Phoenix firefighters use hydrant mapping system to fight blazes

Posted at 10:28 PM, Jul 20, 2017
and last updated 2017-07-21 01:29:04-04

A mobile home fire that broke out Thursday morning at Central and Roeser was challenging for fire crews because the nearest fire hydrant was outside the park. Crews use a special mapping system to detect hydrants and find the best way to reach them.

One mobile home caught fire and the flames spread to another, pushing eight people out of their homes.

As a fire truck pulls out of the station, crews are pulling up their special mapping system on their computer to locate the nearest hydrant and make a plan to reach it.

"Going to a fire, it's really one of the main responsibilities," said Phoenix Fire Captain Larry Subervi.

Capt. Subervi pointed out that the hydrants show up as blue dots on their maps and they can try to pre-plan how to reach them.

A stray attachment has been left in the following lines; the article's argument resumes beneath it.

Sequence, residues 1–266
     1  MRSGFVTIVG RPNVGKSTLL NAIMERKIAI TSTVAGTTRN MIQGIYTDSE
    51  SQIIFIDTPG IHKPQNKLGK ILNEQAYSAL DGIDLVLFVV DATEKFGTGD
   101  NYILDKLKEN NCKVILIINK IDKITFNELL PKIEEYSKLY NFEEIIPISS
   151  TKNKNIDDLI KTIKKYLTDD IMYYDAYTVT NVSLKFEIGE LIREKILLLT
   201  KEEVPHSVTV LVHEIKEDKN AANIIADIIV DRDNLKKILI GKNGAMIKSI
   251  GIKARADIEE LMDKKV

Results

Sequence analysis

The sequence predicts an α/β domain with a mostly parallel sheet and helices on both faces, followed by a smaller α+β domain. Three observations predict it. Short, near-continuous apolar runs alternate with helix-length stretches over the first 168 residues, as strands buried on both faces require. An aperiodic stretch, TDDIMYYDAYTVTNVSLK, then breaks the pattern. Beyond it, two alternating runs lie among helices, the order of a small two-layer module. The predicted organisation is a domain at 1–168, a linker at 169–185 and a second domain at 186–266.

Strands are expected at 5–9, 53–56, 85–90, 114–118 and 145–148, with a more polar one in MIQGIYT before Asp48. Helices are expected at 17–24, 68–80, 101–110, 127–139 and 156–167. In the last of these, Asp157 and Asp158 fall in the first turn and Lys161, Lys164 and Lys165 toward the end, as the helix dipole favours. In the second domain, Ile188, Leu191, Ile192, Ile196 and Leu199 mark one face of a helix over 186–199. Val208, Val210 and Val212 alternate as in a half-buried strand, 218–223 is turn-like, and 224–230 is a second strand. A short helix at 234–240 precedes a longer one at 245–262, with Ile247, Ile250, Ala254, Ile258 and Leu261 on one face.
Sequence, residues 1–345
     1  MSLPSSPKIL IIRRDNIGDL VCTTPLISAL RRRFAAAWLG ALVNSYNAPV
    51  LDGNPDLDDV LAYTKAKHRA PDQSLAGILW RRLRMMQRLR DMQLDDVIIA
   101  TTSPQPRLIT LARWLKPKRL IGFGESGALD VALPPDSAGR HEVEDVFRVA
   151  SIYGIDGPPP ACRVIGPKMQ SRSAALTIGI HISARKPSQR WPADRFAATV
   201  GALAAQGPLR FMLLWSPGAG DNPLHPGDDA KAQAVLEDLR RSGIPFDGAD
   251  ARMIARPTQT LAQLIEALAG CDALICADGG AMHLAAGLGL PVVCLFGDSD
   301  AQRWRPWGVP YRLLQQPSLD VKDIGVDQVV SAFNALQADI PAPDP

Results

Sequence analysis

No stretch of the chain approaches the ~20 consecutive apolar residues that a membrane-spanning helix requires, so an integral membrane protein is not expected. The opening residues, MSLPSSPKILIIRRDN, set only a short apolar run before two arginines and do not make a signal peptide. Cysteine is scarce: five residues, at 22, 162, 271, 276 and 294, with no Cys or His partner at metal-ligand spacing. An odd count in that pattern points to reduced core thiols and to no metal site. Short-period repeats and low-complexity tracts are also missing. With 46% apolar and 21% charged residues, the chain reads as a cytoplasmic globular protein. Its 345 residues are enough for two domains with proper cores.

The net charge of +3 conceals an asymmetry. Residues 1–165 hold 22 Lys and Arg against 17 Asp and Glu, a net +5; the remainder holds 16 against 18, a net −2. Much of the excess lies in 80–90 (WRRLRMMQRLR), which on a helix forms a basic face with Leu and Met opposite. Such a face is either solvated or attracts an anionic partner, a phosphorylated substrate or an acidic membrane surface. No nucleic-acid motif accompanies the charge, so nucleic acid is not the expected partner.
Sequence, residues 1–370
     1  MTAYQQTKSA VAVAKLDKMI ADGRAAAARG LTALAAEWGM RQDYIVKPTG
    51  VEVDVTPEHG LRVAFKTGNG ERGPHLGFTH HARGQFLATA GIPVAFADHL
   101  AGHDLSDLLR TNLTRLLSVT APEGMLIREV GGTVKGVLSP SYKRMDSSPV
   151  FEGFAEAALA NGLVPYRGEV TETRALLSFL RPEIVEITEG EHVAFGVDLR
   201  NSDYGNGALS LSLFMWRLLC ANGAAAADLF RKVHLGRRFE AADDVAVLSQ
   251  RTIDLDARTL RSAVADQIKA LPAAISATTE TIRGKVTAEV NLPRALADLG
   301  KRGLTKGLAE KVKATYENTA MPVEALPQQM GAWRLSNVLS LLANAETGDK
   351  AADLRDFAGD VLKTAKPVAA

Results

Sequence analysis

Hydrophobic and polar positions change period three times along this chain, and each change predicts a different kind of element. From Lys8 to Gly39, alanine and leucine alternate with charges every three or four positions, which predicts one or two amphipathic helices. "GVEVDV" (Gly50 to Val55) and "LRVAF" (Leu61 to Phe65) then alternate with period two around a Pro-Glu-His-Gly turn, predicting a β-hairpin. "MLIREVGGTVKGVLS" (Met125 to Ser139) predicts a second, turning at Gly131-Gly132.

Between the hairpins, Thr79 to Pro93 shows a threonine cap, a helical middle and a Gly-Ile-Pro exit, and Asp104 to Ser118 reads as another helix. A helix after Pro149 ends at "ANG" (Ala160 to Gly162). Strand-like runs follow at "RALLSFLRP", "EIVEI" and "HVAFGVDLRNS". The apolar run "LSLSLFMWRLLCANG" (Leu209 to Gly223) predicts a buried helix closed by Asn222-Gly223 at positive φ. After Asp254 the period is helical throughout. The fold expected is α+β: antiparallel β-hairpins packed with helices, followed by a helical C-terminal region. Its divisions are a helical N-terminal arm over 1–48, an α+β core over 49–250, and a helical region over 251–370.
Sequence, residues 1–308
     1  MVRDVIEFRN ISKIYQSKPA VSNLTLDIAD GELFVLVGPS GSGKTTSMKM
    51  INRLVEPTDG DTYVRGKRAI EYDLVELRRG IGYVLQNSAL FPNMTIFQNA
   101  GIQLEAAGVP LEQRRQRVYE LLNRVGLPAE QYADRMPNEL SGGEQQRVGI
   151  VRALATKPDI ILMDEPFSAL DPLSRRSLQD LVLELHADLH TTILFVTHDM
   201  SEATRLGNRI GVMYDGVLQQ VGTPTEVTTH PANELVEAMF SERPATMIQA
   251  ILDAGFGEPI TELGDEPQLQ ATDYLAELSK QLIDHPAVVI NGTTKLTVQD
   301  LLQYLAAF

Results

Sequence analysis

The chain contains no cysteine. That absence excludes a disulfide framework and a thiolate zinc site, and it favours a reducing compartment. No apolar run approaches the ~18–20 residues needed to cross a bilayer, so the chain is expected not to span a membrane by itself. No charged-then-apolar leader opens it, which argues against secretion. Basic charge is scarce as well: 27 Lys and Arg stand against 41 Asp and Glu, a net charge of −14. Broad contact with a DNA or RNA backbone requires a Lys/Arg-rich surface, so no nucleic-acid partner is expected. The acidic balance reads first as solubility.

"Mobile home parks are always really difficult because the layouts vary and the streets are really narrow," said Subervi.

That was the situation with the early mobile home fire at Central and Roeser. The home on fire was deep in the park, making it hard for crews to reach the nearest fire hydrant. They were forced to connect two hoses, spanning 1,500 feet.

"It's a significant lay," said Subervi. "And we had to bring in another truck to boost the water pressure."

Subervi says it can be a major challenge to navigate the fire hydrants but it is something they train for extensively.

Phoenix fire says the two homes that were damaged did not have working smoke alarms.